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You Can Be Sure of Shell: Oil, Empire, and Landscape in Interwar Britain

  • Author(s): Aukland-Peck, Tobah
  • et al.

Published Web Location

https://doi.org/10.5070/R51053039Creative Commons 'BY' version 4.0 license
Abstract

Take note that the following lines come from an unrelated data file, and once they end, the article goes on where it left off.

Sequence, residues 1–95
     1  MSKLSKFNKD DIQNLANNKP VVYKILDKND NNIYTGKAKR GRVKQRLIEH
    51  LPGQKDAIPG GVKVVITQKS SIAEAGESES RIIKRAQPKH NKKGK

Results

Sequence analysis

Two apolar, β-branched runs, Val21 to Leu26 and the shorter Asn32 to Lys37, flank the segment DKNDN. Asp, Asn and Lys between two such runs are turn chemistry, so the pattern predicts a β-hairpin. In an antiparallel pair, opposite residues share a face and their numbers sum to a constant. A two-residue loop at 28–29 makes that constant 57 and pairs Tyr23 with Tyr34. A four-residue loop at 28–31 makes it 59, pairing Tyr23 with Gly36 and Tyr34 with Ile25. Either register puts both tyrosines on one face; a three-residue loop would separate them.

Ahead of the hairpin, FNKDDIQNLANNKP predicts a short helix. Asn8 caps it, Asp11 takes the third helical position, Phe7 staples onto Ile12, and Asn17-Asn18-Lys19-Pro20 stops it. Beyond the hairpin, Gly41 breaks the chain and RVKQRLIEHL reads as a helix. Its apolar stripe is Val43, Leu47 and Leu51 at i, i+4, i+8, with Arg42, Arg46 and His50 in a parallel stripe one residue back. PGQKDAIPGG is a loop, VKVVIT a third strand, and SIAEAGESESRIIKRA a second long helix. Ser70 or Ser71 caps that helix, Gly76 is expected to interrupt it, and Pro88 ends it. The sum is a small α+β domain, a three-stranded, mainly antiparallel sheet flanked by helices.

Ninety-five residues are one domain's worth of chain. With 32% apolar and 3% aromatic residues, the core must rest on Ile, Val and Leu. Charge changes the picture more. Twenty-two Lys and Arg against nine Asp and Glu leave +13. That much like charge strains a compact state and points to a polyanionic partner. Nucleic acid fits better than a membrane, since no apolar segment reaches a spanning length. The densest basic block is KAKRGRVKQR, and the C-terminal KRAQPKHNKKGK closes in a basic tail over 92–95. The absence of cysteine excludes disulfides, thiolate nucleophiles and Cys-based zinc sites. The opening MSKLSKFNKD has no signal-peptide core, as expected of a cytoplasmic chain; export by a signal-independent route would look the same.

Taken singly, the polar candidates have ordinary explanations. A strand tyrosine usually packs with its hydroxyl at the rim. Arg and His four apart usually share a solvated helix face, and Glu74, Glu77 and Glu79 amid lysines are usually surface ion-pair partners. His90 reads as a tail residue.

During the 1930s, Royal Dutch Shell Oil commissioned a group of prominent artists and designers to create posters for a nationwide advertising campaign in Britain. The slogans ran “To Visit Britain’s Landmarks, You Can Be Sure of Shell”; “Everywhere You Go, You Can Be Sure of Shell”; “See Britain First on Shell”, all of which were set against painted backgrounds of rivers, fields, churches, and castles. Through the latter half of the interwar period, these large posters traversed the nation stuck to the sides of the trucks that delivered Shell oil.The broadsheet images acted as peripatetic windows onto the historic buildings, landscapes, and scenic villages of Britain, encouraging motor travel by reinforcing a sentimental connection to the British landscape. Yet in doing so, the series elided the reality of the landscape as a site of ideological conflict. In the decades following World War I, this space had become disturbed by political upheaval and placed at the center of debates over industrial modernization.

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